Then comes the part that make atheists and non-believers alike prowl to destroy. Religion in the hands of any manipulator thrives on gullibility and encourages bad behavior. Misguided Kings and priests over the ages conspired to rule the ever growing masses to “behave in a manner” supportive to their cause. They will not settle for your or anybody’s apology. But this militant atheism is not good for our debate. Their anger is maybe justified when priests and holy men trample and abuse their fellow man with female inequality, degradation, oppression & suppression, mutilation; child molestation and human sacrifice etc. One has to admit that these issues cause anger and apprehension amongst non-believers when the underlying religious behavior is apparent. (i.e. It does not help that the Pope refuses condoms for Catholics thus blessing an Africa HIV disaster….. )
      Taking another sip….

    • Pieter Malan

      The “flick of the fingers” argument is frivolous and leads to questions that are unanswerable. (i.e. the time it took to create the universe and the regular major natural disasters that followed) [taking another sip here..]
      I was also chosen by Christianity and only in my early 50’s recognised that I still have another choice. Finding the truth and taking an interest in science and being a sceptic. You mentioned Liberal Christian? But can we be half a Jew or Christian or half a Muslim? Selectively underwriting one faith or another is not credible. Having a “sense of wonder and faith” could be temporarily satisfying but lacks the quest to find truth. As a Secular Humanist I am now at ease with what we do not know. But most of all I am relieved by a truthful explanation of what was previously mythical and mysterious. Most believers try to use the Bible like a hammer, and then everything looks like a nail.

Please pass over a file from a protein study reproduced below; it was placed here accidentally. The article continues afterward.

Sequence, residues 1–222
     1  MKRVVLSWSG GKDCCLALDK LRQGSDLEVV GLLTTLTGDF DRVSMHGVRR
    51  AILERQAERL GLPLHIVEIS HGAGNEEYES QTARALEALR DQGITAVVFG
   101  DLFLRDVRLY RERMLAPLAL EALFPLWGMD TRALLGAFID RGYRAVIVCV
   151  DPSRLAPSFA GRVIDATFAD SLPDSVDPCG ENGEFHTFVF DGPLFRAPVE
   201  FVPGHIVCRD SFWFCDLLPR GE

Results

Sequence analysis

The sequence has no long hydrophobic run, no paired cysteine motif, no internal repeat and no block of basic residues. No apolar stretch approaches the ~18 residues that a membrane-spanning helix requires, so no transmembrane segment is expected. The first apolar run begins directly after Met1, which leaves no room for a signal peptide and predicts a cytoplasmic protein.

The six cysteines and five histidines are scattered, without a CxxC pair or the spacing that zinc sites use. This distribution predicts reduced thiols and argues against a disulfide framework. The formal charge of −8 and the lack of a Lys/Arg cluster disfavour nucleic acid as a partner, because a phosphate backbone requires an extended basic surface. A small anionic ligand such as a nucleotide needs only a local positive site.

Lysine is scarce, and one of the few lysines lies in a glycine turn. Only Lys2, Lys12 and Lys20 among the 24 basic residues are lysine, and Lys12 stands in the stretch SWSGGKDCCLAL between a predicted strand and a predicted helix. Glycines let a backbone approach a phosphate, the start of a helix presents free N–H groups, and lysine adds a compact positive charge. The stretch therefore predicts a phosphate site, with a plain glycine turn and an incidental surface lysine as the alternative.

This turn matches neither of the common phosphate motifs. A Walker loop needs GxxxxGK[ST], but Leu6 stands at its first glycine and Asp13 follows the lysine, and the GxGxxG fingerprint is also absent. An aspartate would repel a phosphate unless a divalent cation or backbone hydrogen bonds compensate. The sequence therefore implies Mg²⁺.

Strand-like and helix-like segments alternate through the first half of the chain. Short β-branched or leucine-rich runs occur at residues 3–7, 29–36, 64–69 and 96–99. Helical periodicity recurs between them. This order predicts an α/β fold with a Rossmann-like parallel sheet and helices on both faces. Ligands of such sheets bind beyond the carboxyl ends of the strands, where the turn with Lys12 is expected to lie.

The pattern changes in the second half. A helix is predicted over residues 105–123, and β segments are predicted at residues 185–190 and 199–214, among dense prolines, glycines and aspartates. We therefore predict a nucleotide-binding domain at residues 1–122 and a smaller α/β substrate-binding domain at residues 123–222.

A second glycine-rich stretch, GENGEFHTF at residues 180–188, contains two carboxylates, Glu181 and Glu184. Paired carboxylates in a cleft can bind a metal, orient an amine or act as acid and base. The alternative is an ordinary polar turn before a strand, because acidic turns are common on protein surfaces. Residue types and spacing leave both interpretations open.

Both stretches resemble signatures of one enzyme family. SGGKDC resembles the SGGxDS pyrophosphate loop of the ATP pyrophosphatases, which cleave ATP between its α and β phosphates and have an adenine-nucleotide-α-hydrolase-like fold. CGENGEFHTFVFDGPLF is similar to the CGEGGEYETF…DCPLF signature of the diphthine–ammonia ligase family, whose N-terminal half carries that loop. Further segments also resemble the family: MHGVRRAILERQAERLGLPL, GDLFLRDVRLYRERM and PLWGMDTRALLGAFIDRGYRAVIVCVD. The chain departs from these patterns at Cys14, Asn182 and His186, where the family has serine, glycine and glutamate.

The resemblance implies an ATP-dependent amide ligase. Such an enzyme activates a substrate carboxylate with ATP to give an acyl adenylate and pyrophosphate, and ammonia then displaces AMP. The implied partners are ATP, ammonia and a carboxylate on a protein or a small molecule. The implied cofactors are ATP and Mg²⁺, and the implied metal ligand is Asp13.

My glass is almost empty… and so here cometh the challenge. Is evolution and religious compatible? I will argue for NO. And if you go for YES, you will have to use the only tool you’ve got; The Bible.
      Cheers !

    • Grant

      Martin, you are then essentially saying god is shifty character that was quite happy to be homicidal and genocidal and then decided one day to send his son to be smashed up onto a cross and murdered in some signing of a new contract with mankind. Are you telling me that the guy who suppposedly created the universe, the lord of all we can see and surmise, the guy who can and weirdly wants to simultaneously be in all of our heads in some controlling totalitarian nightmare could not come up with something better than that? Why would such a being need or want our belief/faith. Why would it care?